The notion of narration-as-creation has been much in the air these last decades: it is threads of narrative that bind communities, render possible the vast collectivities. Nations are, it is argued, products of narration. Which plausible idea, incidentally, already contains the germ of the disturbing possibility of multiple and competing acts of narration—a sort of civil war of narratives which frequently spills over into the uncivil kind.
Such considerations, however, are far removed from the world of Salman Rushdie’s celebration of story-telling, at least in Haroun and now, Luka and the Fire of Life. So Luka, who seeks to dismiss something as “just a story”, is reprimanded with jocular severity: “You of all boys should know that Man is the Storytelling Animal, and that in stories are his identity, his meaning and his lifeblood. Do rats tell tales? Do porpoises have narrative purposes?” But things still aren’t the same in Luka’s world as they were in Haroun’s—and there is a hint here of that adult resonance which is such an engaging feature of Rushdie’s writing in this mode: “Things had changed in Kahani, and sadness was no longer the city’s principal export.... The demand for glumfish had fallen away, and people preferred to eat...foods available from the Cheery Orchard stores that were opening everywhere you looked. People wanted to feel good even when there wasn’t that much to feel good about, and so the sadness factories had been shut down and turned into Obliviums, giant malls where everyone went to dance, shop, pretend and forget.”
Of course, not all the changes are quite so anaesthetic. In the twenty years since Haroun, much has happened to Mr R—not merely the fatwa, but also the transmogrification of the former postcolonial into the articulate legitimiser of the Bush crusade against “Islamofascism”—the “war on terror”, no less. There have also been a number of forgettable novels. But now, by way of a “gift” to his younger son, Rushdie has produced another work that recaptures the early magic. Luka and the Fire of Life is wonderful and one finds oneself wishing him many more sons—so that he can continue to produce more books like this one! It’s enough to make one start believing in magic—but really, Salman the Terrible writing this warm, humane book?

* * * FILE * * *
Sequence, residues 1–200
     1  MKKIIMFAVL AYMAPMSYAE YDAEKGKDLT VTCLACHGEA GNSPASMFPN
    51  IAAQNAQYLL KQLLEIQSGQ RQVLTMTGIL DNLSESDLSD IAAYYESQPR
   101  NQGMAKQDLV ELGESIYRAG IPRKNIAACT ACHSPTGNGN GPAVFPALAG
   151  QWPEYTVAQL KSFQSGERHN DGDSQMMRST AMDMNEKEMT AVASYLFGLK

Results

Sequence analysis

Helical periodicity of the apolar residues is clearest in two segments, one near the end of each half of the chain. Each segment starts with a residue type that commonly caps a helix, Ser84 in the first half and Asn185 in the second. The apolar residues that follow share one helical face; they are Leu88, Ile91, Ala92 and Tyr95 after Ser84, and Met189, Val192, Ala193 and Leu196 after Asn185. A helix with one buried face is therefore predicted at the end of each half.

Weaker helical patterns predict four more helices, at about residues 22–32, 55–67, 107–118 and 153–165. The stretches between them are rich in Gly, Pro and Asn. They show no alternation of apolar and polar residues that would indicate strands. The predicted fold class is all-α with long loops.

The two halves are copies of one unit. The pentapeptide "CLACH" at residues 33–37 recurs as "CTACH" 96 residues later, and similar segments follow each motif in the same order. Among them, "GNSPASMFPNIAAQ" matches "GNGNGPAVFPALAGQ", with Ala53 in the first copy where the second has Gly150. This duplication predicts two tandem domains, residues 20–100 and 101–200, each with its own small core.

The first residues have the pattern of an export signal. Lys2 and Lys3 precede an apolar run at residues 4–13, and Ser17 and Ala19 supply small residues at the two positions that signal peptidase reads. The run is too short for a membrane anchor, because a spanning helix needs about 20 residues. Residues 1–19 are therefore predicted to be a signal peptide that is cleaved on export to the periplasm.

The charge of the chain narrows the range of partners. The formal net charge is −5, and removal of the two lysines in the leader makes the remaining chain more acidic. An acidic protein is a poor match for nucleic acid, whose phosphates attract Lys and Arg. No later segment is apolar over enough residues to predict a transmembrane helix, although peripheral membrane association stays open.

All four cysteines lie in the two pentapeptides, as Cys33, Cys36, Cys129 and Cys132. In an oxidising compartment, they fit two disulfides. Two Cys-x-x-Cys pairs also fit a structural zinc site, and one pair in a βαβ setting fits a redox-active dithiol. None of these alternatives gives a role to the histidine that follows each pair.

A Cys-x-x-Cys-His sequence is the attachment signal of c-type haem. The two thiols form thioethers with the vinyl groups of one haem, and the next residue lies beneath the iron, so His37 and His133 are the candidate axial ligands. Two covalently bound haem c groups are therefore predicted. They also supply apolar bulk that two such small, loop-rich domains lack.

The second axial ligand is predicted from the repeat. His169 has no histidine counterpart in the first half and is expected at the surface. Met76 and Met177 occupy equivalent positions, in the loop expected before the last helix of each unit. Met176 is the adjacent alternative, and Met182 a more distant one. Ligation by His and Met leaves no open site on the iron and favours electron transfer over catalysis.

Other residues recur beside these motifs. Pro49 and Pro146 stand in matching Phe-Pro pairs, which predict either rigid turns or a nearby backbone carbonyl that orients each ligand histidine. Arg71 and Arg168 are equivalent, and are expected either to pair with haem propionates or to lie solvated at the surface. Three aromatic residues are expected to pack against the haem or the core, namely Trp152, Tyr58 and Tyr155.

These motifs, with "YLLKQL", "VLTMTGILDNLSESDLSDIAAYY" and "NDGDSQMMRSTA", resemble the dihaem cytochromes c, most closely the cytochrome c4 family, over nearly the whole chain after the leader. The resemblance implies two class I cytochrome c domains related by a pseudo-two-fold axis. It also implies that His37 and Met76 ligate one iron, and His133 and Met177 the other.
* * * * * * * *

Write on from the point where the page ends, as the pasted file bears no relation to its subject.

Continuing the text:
The narrative trigger in Luka bears a certain superficial resemblance to the one in Haroun: the prodigious and overflowing stream of stories is in danger of being stopped, and the book consists of the adventures of Haroun in averting that danger so that the stream can continue to flow unhindered. In Luka, too, the clear and present danger is that of the flow of stories drying up—but the crucial difference here is that the threat emanates not from a Malign Other turning off the tap of narrative, but from mortality itself: Rashid Khalifa, the Shah of Blah, storyteller supreme, is under imminent sentence of the Great Unmentionable, and the book consists of the adventures of his son Luka, who must get a-hold of the Fire of Life so that his father may be reprieved in (the nick of) time—and the customary narrative plenitude restored. But while both books end, appropriately, on an upbeat—clouds have no place on the sunny uplands of childhood—there is a sense in the later book that the shadow of mortality that has passed over it has only been deferred. There will be a time for such a word, too.
Meanwhile, however, a great deal of action, and adventure, and plain downright fun is to be had as Luka sets off on his quest for the Fire of Life, accompanied by—a fine touch—a dog called Bear, and and a bear called Dog. The matrix for Luka’s quest derives from the computer “games” that are, on the evidence of Rushdie’s clear expertise with this sort of thing, not confined to children. Thus, the quest proceeds through nine successive levels, and at each level, new characters and new adventures happen, with progressively higher levels of difficulty. Interestingly enough, among the enemies that Luka must overcome, the most formidable are not the fire-breathing, violent, Luka-chomping monsters but rather, the Aalim, the know-all Three Jos—Jo-Hua, Jo-Hai, and Jo-Aiga—the stern disciplinarians who must be subverted through the riotous anarchy of narrative. It is futile to try and summarise the energy and vivacity of the book. But I must register my gratitude for the additional delights afforded to readers who are able to follow Rushdie’s multilingual punning—the land called Kahani and the river Silsila and, indeed, the dread Aalim! Rushdie’s Anglo readers don’t get the half of it.